St. Patrick’s Day Pandemic Style

by Sienna Lapointe

Graphic By Alma Snortum-Phelps

St. Patrick’s Day celebrations will undoubtedly look different this year. St. Patrick’s Day is an Irish holiday celebrated on March 17. Marking his death, the Catholic Church has a day of feasting dedicated to St. Patrick. While it is not a holy day of obligation in America, it is in Ireland. 

St. Patrick’s Day celebrations in Ireland and America differ. In Ireland, people participate in parades, have céilís or parties, wear green attire such as shamrocks, attend church and drink Irish whiskey and beer. However, in America, celebrations aren’t always as grand. Some Americans celebrate by eating Irish meals, drinking Irish beer, wearing green clothing and attending parades. Unfortunately, COVID-19 has put a wrench in these traditional St. Patrick’s Day celebrations. 

Two Irish-Americans expressed their meaning of St. Patrick’s Day and what their celebrations will look like this year. Ellen McCarty, the owner of Walnut Creek Yacht Club, said, “I would have celebrated with our guests at Walnut Creek Yacht Club all day and then had family and maybe friends over for corned beef and cabbage. This year I will just be quietly enjoying dinner with only my husband, at home.” Megan Kavanagh, a 15-year-old high school student, has similar plans. “We would usually eat potatoes and our dad would have corned beef. We also celebrated at school, where I would occasionally do an Irish dance. This year we will still be celebrating, but just at home.”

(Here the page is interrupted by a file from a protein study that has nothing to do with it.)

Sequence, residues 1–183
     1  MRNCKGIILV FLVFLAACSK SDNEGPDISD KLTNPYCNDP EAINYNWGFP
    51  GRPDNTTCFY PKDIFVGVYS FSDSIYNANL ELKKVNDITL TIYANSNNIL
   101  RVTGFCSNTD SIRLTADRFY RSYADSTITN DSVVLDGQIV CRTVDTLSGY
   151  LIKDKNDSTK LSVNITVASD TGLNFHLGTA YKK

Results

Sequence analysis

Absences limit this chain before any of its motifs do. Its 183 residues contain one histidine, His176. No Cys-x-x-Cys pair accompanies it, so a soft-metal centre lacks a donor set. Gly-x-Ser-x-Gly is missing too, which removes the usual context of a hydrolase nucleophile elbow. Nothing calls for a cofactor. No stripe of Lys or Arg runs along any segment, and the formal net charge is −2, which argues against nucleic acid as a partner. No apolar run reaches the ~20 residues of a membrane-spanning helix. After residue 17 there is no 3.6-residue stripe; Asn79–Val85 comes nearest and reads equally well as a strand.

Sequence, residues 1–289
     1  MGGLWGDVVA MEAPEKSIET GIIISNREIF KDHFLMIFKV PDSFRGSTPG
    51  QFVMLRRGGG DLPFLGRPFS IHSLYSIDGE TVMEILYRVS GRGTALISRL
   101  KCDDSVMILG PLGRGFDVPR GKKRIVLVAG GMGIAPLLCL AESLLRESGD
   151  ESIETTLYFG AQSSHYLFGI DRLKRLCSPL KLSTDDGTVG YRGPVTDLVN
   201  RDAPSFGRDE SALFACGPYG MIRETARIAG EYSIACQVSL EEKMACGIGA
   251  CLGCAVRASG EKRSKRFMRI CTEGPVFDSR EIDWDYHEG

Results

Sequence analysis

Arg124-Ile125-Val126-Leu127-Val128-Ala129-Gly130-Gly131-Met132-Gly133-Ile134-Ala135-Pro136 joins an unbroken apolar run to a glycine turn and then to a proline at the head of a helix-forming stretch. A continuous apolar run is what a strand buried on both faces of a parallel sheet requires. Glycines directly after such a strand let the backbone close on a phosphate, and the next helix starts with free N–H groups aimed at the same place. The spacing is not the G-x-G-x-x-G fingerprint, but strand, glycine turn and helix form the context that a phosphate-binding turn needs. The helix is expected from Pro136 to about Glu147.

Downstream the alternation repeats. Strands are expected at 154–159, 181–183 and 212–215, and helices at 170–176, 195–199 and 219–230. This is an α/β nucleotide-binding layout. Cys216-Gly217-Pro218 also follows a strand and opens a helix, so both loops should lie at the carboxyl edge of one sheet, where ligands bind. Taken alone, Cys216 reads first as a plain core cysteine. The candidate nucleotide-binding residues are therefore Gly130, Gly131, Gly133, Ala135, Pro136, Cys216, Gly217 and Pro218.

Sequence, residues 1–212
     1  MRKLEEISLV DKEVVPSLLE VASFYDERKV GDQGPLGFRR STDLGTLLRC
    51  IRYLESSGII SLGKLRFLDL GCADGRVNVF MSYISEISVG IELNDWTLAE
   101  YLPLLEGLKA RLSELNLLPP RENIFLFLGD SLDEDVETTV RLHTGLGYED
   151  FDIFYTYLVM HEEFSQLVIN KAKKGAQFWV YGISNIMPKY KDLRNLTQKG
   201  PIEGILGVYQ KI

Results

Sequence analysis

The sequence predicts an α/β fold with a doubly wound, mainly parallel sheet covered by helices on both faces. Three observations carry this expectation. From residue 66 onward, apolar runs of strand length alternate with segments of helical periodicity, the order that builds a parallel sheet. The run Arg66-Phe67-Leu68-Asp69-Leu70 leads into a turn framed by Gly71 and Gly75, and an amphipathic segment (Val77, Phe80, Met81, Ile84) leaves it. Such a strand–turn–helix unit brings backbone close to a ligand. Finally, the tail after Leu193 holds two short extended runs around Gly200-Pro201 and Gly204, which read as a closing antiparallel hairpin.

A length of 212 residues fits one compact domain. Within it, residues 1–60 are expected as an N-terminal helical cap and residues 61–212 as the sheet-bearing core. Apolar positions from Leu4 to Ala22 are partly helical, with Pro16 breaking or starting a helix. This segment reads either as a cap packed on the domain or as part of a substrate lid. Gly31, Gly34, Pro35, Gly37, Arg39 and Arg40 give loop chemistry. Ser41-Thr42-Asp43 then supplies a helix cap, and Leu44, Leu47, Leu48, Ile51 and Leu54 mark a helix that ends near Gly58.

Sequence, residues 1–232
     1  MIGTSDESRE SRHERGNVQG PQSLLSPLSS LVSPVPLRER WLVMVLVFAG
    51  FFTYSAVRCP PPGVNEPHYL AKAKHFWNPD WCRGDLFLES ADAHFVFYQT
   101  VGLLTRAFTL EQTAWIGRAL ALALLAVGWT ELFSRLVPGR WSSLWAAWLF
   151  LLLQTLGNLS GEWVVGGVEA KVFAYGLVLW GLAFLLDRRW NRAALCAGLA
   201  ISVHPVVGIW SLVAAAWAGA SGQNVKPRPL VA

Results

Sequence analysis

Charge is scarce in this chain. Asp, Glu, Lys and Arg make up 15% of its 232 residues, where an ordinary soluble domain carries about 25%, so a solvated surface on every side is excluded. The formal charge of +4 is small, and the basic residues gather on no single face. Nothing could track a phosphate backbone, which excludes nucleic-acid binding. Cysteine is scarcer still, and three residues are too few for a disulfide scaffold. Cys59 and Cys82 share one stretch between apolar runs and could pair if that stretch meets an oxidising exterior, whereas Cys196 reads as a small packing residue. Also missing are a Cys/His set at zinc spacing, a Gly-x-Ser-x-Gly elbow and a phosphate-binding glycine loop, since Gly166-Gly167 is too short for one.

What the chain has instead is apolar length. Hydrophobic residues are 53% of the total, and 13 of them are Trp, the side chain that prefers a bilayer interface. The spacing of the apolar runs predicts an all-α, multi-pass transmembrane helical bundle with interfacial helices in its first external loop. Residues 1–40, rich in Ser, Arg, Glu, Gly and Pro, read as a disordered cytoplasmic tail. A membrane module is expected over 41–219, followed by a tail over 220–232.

Both McCarty and Kavanagh have their own personal meanings of St. Patrick’s Day.  “It’s a celebration of all things Irish,” said McCarty. For Kavanagh, the holiday reminds her of Ireland’s history: “It reminds me of the Irish War of Independence, which was fought because the British people occupied Ireland and outlawed the practice of Catholicism, so the Irish people fought back and won their religious independence.”A major part of St. Patrick’s Day is the local parade. Unfortunately, parades didn’t take place this year due to the pandemic. However, there were many virtual events instead. Alameda had a virtual event called “St. Paddy’s Day Party with Fireside Lounge,” which included Irish dancing and music. On March 16, there was a virtual St. Patrick’s Day cooking for kids event on Zoom in Danville. Although the celebrations may be different, the value of the holiday is not diminished to those who celebrate it.